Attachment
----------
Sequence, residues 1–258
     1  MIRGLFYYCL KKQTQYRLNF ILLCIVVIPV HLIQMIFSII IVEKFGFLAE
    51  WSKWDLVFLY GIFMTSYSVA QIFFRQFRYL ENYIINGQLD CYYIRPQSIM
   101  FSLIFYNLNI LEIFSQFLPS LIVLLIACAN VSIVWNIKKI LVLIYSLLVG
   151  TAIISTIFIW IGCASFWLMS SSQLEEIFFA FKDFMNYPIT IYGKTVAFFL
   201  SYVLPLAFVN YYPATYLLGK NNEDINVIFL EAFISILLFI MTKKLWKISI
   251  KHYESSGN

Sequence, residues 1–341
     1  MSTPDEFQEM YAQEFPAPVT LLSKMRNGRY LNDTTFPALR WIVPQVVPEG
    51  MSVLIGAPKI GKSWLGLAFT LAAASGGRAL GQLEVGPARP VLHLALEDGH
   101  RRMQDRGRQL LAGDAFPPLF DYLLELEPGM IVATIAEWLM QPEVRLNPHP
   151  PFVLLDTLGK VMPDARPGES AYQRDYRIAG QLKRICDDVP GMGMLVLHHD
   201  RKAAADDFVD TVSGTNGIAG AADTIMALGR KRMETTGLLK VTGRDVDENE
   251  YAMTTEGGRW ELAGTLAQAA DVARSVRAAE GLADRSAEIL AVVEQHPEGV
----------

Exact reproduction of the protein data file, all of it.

Sequence, residues 1–258
     1  MIRGLFYYCL KKQTQYRLNF ILLCIVVIPV HLIQMIFSII IVEKFGFLAE
    51  WSKWDLVFLY GIFMTSYSVA QIFFRQFRYL ENYIINGQLD CYYIRPQSIM
   101  FSLIFYNLNI LEIFSQFLPS LIVLLIACAN VSIVWNIKKI LVLIYSLLVG
   151  TAIISTIFIW IGCASFWLMS SSQLEEIFFA FKDFMNYPIT IYGKTVAFFL
   201  SYVLPLAFVN YYPATYLLGK NNEDINVIFL EAFISILLFI MTKKLWKISI
   251  KHYESSGN

Sequence, residues 1–341
     1  MSTPDEFQEM YAQEFPAPVT LLSKMRNGRY LNDTTFPALR WIVPQVVPEG
    51  MSVLIGAPKI GKSWLGLAFT LAAASGGRAL GQLEVGPARP VLHLALEDGH
   101  RRMQDRGRQL LAGDAFPPLF DYLLELEPGM IVATIAEWLM QPEVRLNPHP
   151  PFVLLDTLGK VMPDARPGES AYQRDYRIAG QLKRICDDVP GMGMLVLHHD
   201  RKAAADDFVD TVSGTNGIAG AADTIMALGR KRMETTGLLK VTGRDVDENE
   251  YAMTTEGGRW ELAGTLAQAA DVARSVRAAE GLADRSAEIL AVVEQHPEGV